Basics of Maternity Rights
With increasing complexity and relevance to the modern workplace; the raft of maternity rights has resulted in employers as well as employees struggling to ensure that all legal requirements are met. This is also complicated by the fact that the government is always looking for ways to enhance equality in the workplace and also to attempt to ensure that employers treat staff in a consistent manner during pregnancy and beyond.
That said there are difficulties due to the fact that maternity leave can be very costly to small business in terms of lost time and whilst the government is keen to assert the rights of individual women facing a maternity situation there is also a need to ensure that the British economy remains competitive with other countries. Over the years maternity rights have certainly increased offering seeming greater protection to women throughout the process although this has been criticised by many small businesses due to the costs that now make employing women of child bearing age a substantial risk to employers.
Ordinary Maternity Leave
There has always been a distinction drawn between ordinary and additional maternity leave although more recently this has become less defined and the benefits enjoyed during both periods become largely similar. Ordinary maternity leave is an entitlement enjoyed by any woman (subject to them complying with the notification process) regardless of length of service. Ordinary maternity leave lasts a period of 26 weeks from the point at which the leave is taken. It should be noted that this leave is only applicable to those who are employees and does not deal with workers or self employed individuals.
During this period of ordinary maternity leave a woman is entitled to retain her standard contractual benefits (with the exception of pay) and can return to her old post at the end of the leave period. Notification is necessary no later than 15 weeks before the expected week of childbirth and it is necessary for the mother to inform her employer that she is pregnant, the expected week of childbirth and the expected week that she will begin her ordinary maternity leave. Ordinary maternity leave cannot be scheduled to start before the 11th week prior to the expected week of childbirth. This information does not legally have to be in writing but this is generally required for the sake of completeness and to assist with record keeping.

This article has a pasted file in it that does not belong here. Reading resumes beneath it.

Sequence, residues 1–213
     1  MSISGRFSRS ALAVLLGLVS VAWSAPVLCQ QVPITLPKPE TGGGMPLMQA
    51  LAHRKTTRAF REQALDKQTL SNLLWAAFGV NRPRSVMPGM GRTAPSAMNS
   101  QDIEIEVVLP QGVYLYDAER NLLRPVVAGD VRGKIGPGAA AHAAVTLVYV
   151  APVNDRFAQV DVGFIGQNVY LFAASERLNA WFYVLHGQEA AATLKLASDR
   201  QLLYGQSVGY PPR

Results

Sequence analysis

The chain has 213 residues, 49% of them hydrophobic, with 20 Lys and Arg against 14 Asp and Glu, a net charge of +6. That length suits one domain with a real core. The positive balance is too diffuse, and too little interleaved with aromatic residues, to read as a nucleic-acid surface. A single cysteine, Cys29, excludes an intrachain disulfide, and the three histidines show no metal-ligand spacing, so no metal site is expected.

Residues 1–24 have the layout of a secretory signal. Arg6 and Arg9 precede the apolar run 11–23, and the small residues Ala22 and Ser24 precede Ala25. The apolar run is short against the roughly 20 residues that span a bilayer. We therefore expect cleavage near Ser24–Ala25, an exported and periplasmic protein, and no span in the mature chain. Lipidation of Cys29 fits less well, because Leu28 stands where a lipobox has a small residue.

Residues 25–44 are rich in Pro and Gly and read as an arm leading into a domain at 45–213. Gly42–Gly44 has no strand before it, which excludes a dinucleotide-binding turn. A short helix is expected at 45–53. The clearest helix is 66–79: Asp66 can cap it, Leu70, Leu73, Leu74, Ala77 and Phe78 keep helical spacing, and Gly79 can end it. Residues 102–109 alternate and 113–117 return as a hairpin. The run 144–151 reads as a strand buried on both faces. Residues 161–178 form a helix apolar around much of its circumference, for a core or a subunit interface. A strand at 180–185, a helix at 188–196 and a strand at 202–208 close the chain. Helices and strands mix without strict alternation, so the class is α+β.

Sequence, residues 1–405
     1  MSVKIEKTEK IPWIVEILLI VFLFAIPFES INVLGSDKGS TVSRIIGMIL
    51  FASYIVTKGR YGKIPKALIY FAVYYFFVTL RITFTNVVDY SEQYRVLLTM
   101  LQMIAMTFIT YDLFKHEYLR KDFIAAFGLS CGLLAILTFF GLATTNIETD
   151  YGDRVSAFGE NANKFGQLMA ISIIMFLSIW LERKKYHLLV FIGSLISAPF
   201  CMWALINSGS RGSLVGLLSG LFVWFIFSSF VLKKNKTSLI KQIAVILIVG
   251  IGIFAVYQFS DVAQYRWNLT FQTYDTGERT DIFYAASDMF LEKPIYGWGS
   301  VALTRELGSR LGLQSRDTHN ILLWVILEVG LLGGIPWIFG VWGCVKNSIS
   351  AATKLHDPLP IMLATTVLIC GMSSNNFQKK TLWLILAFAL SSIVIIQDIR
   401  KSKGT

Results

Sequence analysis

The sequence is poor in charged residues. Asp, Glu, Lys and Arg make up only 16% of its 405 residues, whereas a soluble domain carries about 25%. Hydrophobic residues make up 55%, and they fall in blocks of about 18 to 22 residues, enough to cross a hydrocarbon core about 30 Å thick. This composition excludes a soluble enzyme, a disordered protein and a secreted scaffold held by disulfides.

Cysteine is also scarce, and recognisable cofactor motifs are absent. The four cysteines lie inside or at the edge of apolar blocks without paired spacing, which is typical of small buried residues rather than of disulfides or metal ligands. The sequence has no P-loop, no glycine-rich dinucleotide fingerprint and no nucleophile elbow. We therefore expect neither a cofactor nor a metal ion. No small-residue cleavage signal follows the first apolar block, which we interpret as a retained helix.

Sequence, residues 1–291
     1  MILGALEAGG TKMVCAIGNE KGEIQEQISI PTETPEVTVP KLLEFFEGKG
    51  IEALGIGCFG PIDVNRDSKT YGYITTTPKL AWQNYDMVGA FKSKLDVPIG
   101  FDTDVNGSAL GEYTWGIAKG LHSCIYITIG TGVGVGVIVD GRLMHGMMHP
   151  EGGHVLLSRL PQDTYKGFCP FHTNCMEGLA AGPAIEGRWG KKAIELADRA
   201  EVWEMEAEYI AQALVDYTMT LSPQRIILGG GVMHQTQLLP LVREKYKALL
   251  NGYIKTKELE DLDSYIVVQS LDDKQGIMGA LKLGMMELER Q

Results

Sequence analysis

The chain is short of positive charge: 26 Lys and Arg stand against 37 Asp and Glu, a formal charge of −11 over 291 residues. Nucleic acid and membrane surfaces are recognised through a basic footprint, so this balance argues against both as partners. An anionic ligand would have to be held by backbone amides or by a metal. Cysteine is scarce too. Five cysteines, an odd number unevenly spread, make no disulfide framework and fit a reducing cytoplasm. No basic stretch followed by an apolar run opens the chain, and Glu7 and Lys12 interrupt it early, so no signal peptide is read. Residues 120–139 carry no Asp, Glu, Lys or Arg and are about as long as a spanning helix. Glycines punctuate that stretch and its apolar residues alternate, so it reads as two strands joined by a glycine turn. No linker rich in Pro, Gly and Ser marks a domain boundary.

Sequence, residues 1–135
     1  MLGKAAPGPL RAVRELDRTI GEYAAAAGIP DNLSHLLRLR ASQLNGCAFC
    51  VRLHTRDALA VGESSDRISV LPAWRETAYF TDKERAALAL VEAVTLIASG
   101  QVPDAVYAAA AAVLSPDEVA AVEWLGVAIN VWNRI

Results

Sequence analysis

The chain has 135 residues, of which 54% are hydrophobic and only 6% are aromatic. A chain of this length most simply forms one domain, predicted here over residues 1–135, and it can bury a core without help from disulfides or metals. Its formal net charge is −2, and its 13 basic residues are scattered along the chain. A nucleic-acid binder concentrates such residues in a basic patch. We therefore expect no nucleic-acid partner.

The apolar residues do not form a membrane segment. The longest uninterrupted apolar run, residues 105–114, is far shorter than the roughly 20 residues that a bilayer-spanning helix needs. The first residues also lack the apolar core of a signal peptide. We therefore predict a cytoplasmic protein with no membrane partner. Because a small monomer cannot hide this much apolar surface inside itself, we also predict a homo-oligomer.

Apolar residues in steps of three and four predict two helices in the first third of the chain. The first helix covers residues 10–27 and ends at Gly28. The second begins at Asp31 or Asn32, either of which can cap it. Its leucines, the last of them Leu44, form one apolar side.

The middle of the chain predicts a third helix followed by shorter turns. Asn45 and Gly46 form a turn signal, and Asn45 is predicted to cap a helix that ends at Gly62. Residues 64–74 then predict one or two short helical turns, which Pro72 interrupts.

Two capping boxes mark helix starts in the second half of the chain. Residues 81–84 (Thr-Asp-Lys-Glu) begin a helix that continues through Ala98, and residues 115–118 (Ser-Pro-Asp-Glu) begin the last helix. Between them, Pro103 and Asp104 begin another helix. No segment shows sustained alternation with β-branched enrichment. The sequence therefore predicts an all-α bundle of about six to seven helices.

Additional Maternity Leave
Anyone who is entitled to ordinary maternity leave at the point at which they are due to give birth will also be entitled to additional maternity leave of an additional 26 weeks. The key difference is that the terms of the employment will not continue as they did throughout the ordinary maternity leave period. This means that whilst the employee will be entitled to return to work after additional maternity leave into the role they left (or a suitable alternative) they will not retain the other benefits such as company car. That said, many employers will allow employees to retain these benefits and the individual contracts may enhance what would otherwise be available by law.
Statutory Maternity Pay
Any woman taking maternity leave is entitled to statutory payment of maternity pay provided she has earned at least the earnings lower limit (which for the year 2009 /2010) was £95 per week and has been continuously employed for a period of 26 weeks up to the expected week of childbirth. These payments are made to the woman through her employer and cannot be claimed back by the employer should she choose not to return to work after maternity leave. The employer will be able to reclaim the amount from the government.
Statutory maternity pay is paid for a total of 39 weeks with the first six weeks of leave being paid at 90% of the average earnings and the remaining 33 weeks being paid at the relevant prescribed rate for that year. This prescribed rate is the same for all women regardless of their previous earnings.
Many contracts will increase this entitlement for example to 100% for the first six weeks; however there may also be a clause in the contract which requires this to be paid back should the woman not return to work and these additional payments are not a legal entitlement.
Other Maternity Based Issues
Pregnancy Related Absence
During the period of pregnancy, and once the employer has been duly notified of the pregnancy the woman has rights to certain time off. For example there is a statutory right to time off for ante-natal appointments regardless of hours worked or duration of employment. Where it is deemed no longer safe for the woman to be in work the employer may require her not to work but will still be required to make full payment.
If a woman becomes ill less than 11 weeks prior to the expected week of childbirth for a pregnancy related issue the employer is able to consider her maternity leave to have begun.
Anyone who has been employed for a continuous year and has a child aged under 5 (or under 18 if the child is disabled) is entitled to 13 weeks unpaid leave to care for the child and this is often used at the end of maternity leave to extend the period at home, albeit in a non-paid way. This can also be used by fathers in order to increase their time off during the early years. For more information on a father’s right to time off from work following the birth of a child please see the article on ‘parental leave‘.
Employers need to consider their processes for dealing with notifications of pregnancy.
Consideration over the terms of pay during maternity leave needs to be given.
Roles need to remain available for those on maternity leave (or suitable alternatives need to be available).